While we’re on the topic of war bunkers, the historic Sofitel Legend Metropole Hanoi hotel has its own underground air raid shelter. Forgotten for decades since the Vietnam (or American) War, it was rediscovered by chance after the renovation of the hotel’s Bamboo Bar, and reopened in 2012 for public viewing. In tribute to the hotel staff who worked there through the war years, it had been left largely untouched and a walk into its narrow, corroding tunnels is like a walk back into time.
I was staying at this grand dame of a hotel and I had to book myself onto the one-hour tour. Meeting the in-house guide at 5pm in the lobby, we were first shown a fairly extensive exhibition of artefacts and photographs from the war years. It was fascinating to hear of the many celebrities who had been guests there — like Somerset Maughm and Charlie Chaplin — and how the hotel had continued operating during the Vietnam War. Hotel staff doubled up as gunners on the rooftop who would shoot at enemy planes flying low, and every staff member would be armed while they went about their work. When the bombs came, they would hurry guests into the bomb shelter while they themselves would take refuge wherever they could, including in manholes outside along the street with little more than the metal covering to protect them.
Our guide was a lady in her 20s who obviously never lived through the war, but she shared amazing personal stories of her parents who did. She told us how her mother, as a schoolgirl, had been taught to dive into these manholes when the siren went off, warning of people of enemy planes approaching. On one of many occasions when this happened, the then-little girl ran to the nearest manhole but found it was already full with a few other children. And so, she had to dash to the next available one, just in the nick of time, before the bombs rained down on them. When the onslaught was finally over and she could crawl out of the manhole, she discovered that the first shelter she had tried to get into was completed destroyed. The children who were in there were all dead. More than just words on a textbook, her personal stories really brought home the very real horrors and tragedy of the war.
Now armed with enough contextual knowledge, we were lead into the underground air raid shelter. It was incongruously situated next to the bar and the swimming pool. It did not escape me that aboveground, the activities were typical happy, holiday must-do’s, while just a few metres below was a grim reminder of a horrific time in their not-too-distant past.
The short stairs to the bunker was new, but once at its entrance, everything was literally frozen in time. In the narrow tunnels and tiny chambers of this 430-square-feet bunker, metal gratings and doors were corroded, it was dank, dripping with water, dark. The only lighting were a couple of naked bulbs.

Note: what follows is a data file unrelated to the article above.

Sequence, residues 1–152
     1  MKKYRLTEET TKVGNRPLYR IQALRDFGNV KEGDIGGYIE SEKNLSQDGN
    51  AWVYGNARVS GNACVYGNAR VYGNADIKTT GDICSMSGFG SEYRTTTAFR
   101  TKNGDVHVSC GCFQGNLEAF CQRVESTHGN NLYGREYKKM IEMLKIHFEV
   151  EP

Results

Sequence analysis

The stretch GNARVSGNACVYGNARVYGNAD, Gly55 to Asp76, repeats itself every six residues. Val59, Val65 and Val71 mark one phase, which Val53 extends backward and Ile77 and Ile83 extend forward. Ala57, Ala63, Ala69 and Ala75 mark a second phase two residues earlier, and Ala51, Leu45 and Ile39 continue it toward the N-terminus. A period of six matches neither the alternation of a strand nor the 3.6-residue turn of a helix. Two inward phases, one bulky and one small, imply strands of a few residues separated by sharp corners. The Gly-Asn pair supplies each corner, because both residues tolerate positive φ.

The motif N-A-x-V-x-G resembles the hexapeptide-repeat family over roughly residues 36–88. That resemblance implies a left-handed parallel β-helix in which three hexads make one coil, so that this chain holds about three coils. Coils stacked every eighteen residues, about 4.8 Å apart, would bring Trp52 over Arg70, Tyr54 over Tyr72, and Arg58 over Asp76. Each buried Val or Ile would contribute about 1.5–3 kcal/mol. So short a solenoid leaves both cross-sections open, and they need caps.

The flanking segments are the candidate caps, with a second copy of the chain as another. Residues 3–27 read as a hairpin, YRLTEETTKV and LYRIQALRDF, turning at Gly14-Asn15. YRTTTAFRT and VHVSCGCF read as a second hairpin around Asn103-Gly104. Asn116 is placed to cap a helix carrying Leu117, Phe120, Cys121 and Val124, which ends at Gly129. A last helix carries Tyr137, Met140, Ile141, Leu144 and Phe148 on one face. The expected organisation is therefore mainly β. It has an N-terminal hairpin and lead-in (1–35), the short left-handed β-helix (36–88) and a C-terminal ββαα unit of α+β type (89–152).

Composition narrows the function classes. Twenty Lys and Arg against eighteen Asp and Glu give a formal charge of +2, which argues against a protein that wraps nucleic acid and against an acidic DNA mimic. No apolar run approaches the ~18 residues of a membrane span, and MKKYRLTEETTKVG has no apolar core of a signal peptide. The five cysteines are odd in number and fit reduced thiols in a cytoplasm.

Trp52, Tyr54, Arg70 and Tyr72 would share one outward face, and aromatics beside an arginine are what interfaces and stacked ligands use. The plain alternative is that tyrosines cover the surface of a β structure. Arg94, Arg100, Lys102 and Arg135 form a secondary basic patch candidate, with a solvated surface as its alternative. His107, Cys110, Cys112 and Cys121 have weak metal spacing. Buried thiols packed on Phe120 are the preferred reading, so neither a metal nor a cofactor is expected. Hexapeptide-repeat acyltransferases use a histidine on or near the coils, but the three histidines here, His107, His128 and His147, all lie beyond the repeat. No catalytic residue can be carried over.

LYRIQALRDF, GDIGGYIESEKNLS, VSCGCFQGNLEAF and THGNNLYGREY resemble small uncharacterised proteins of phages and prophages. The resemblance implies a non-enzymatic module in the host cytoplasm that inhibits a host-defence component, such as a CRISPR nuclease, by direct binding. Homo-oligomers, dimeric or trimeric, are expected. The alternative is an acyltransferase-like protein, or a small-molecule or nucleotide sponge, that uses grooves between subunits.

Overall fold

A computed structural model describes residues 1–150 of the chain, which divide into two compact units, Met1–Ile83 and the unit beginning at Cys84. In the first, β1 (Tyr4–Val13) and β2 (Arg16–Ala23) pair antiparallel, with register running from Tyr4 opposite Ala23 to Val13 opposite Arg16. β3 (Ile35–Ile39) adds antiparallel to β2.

This bunker housed as many as 40 guests at a time, including anti-war activist Jane Fonda and Joan Baez. In 1972, she recorded her song ‘Where Are You Now, My Son’ in here as sirens wailed and bombs fell on Christmas Day. That Christmas, US warplanes dropped 20,000 tons of explosives mainly on Hanoi to “bring them to their knees” and killed thousands. (It’s well worth reading the account from both sides.)
Now, recorded sirens of impending bombs are played into the air raid shelter to make it more real for us visitors. Too real for my mother, who, at over 80 years old, herself survived the horrors of WWII in Singapore under the Japanese Occupation and had her own horrific memories of bombings and massacres by the Japanese. The sound of the siren and the bombs, though recordings, brought back too much of those memories for her, and she decided to leave the bunker to get a drink in the Bamboo Bar upstairs instead.
There’s no way a visit like this would leave one unmoved. It is a powerful reminder of how unjust wars are on people, and the scars they leave behind. It was after this visit that I really developed a huge respect for the Vietnamese people, General Vo, and their dogged resilience and strength in the face of incredible odds. And seeing how the memories of another war still affected my mother, it only underlines how we should never let these things happen again…but from the way the world is turning, I’m afraid people have terribly short memories.